Rep. Bruce Poliquin (R-ME) got more votes than Jared Golden (D) in the ME-02 House race, but neither got 50% of the vote, so Maine's shiny new instant-runoff voting kicked in and the votes for the two minor candidates were redistributed. Golden got most of those, and ended up above 50%. Poliquin didn't like that and sued, claiming that the new voting system (also known as ranked-choice voting) violated the Constitution. Federal Judge Lance Walker strongly disagreed, so it looks like Golden is going to Congress and Poliquin is going home. To the extent the states are the laboratories of Democracy, this experiment was concluded successfully. Now that it is clear how it works and at least one judge has approved it, other states might try it. (V)
Many House Republicans have never served in the minority because the Republicans have been in control since 2010. They may discover that having zero power is no fun at all, and may head for the exits in 2020. The year the GOP should be worried about is 2008. In 2006, there was a Democratic wave. As a consequence, in 2008, 23 House Republicans retired rather than run for reelection.
Rep. Tom Cole (R-OK), who ran the NRCC in 2008, keenly remembers this and is worried about a repeat performance. He recently commented on the large number of Republican retirements in 2018, saying: "We saw how devastating that was for us this year. Another round of that would be really bad." The core of the problem is that, unlike the Senate, the House operates on a "majority wins" basis. If 218 representatives vote for a bill to change the colors in the American flag to mauve, taupe, and chartreuse, there is no way for the minority to block it or even slow it down. This makes serving in the House minority extremely frustrating, leading to retirements. In the Senate, procedural rules, including the filibuster, give the minority at least a modicum of power. (V)
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---The Votemaster and Zenger
Dec13 National Enquirer Turns on Trump
Dec13 House Republicans Are Mulling Their Budget Options
Dec13 Trump Just Made It More Dangerous for Americans to Travel Abroad
Dec13 Meadows Is No Longer a Chief of Staff Candidate
Dec13 McConnell Has a Secret Weapon for 2020: Dope
Dec13 Thursday Q&A
Dec12 Trump Would Be Proud to Shut Down the Government
Dec12 Pelosi Will Trade Term Limits for Speaker's Gavel
Dec12 Trump Administration Buried Wells Fargo Report
Dec12 Judge Orders Stormy Daniels to Pay Trump's Attorneys Nearly $300,000
Dec12 Stay President To Stay out of Prison?
Dec12 New Hampshire GOP Wants to Rig the Primary
Dec12 Beto O'Rourke Tops MoveOn.org Straw Poll
Dec11 Trump Calls Hush-Money Payments "A Simple Private Transaction"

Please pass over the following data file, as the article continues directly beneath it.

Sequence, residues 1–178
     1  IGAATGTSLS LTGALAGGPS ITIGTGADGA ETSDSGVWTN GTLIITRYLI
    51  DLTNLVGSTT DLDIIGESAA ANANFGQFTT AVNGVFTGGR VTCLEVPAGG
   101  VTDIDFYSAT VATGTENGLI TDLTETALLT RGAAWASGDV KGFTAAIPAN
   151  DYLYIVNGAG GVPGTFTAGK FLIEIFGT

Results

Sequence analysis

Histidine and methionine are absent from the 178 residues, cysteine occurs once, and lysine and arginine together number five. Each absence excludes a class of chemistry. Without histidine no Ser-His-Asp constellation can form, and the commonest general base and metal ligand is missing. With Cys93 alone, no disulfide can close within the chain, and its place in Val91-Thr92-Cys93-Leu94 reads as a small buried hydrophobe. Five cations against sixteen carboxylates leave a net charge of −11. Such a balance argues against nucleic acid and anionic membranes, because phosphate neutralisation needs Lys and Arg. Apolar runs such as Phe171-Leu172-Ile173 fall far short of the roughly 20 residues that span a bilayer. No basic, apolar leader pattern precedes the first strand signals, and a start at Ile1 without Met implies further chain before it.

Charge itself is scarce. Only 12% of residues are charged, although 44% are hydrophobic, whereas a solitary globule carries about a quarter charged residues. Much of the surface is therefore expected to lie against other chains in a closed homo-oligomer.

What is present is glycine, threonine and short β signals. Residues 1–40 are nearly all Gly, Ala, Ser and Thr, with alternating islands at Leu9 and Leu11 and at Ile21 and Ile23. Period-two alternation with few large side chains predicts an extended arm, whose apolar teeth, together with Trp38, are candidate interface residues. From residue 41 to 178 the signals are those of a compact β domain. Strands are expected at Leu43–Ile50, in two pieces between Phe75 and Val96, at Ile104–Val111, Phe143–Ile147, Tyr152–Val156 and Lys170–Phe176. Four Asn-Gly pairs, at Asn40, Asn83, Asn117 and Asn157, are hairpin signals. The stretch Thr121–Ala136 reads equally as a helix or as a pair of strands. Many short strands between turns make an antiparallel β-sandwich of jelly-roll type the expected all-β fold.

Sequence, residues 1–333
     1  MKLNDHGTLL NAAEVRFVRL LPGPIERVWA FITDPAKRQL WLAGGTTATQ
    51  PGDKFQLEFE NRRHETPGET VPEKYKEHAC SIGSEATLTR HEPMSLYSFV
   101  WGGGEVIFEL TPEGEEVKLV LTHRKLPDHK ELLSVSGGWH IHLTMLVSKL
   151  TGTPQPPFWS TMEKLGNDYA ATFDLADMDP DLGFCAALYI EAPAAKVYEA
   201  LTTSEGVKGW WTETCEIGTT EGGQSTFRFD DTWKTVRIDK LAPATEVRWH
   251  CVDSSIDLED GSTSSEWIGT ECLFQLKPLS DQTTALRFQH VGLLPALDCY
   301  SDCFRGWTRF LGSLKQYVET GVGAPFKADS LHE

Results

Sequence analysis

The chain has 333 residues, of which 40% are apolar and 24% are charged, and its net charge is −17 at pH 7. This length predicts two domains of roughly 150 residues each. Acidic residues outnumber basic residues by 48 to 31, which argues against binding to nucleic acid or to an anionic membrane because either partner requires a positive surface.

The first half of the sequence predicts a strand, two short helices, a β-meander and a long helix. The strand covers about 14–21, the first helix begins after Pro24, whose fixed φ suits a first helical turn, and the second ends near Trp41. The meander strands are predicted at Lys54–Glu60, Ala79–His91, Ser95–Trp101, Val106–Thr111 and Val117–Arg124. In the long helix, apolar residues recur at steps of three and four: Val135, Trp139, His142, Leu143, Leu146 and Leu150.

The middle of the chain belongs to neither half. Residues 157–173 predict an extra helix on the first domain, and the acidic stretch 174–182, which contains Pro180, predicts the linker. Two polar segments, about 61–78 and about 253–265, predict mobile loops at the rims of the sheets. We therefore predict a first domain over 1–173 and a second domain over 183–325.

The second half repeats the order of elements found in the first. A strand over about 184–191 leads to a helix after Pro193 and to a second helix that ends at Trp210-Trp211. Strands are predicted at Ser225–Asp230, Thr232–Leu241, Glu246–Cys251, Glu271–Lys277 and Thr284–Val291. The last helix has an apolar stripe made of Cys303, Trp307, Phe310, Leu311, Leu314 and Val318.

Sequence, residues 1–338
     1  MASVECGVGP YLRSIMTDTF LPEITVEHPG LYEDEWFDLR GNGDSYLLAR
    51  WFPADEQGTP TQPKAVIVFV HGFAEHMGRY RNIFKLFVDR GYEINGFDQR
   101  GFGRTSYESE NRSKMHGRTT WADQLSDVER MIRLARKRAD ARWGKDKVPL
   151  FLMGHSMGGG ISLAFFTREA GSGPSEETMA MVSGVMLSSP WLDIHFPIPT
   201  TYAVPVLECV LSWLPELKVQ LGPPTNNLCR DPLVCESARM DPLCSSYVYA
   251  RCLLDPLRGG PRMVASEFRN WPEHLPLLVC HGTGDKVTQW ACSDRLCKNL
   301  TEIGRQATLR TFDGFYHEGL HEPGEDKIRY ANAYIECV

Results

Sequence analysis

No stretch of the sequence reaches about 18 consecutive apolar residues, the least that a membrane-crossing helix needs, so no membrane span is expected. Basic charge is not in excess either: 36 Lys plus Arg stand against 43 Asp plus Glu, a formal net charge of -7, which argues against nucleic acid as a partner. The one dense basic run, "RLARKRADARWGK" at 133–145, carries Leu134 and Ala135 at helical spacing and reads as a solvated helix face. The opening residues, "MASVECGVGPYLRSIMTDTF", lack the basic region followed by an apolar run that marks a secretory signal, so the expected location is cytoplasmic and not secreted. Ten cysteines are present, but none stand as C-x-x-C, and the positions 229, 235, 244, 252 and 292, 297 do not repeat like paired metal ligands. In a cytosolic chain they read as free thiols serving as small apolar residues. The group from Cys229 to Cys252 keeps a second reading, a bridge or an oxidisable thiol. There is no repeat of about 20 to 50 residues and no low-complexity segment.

Dec11 SCOTUS Gives Win to Planned Parenthood
Dec11 Trump's Base Believes Mueller Is on a Witch Hunt
Dec11 Maria Butina Wants to Plead Guilty
Dec11 Some GOP Lawmakers Want Another Autopsy
Dec11 Former Senators Urge the Senate To Do Its Job
Dec11 Comey Calls on Americans To Oust Trump
Dec11 Trump Has No Plan B for Chief of Staff
Dec11 When It Comes to Lying, Trump Boldly Goes Where No Man Has Gone Before
Dec10 Ayers: Thanks, But No Thanks
Dec10 Jerrold Nadler: An Order to Make Illegal Payments Would Be an Impeachable Offense
Dec10 Rubio: It Would Be a Huge Political Mistake for Trump to Pardon Manafort
Dec10 Fourteen of Trump's Associates Talked to Russians During the Campaign or Transition
Dec10 Kushner Advised Saudis after Khashoggi's Death
Dec10 The Calendar Will Change the Democratic Party's Primary Process Dramatically
Dec10 Monday Q&A
Dec09 Republicans Are Getting Worried
Dec09 Kelly's Demise Is Official
Dec09 Republicans in Denial, Part 1: The Comey Hearing
Dec09 Republicans in Denial, Part 2: Rasmussen and the Midterms
Dec09 Republicans in Denial, Part 3: California
Dec09 Democratic Presidential Candidate of the Week: John Delaney
Dec08 The Walls Just Got Much Closer
Dec08 Trump Picks William Barr as Attorney General
Dec08 Nauert Under Scrutiny
Dec08 Kelly Is No Longer on Speaking Terms with Trump
Dec08 Pelosi Suggests Two New Members of the House Might Not Be Seated
Dec08 Trump Advisers Fear a Recession by 2020
Dec08 Tillerson Unloads on Trump and Vice Versa
Dec07 Supreme Court Hears a Double Jeopardy Case
Dec07 Arrest of Chinese Executive Makes a Messy Situation Messier
Dec07 Trump Employs an Undocumented Housekeeper
Dec07 Haley Replacement: It's Nauert, of Course
Dec07 Manchin Will Be Ranking Member of the Senate Natural Resources Committee
Dec07 Trump Tries to Save Coal, Is Doomed to Fail
Dec07 Valadao Concedes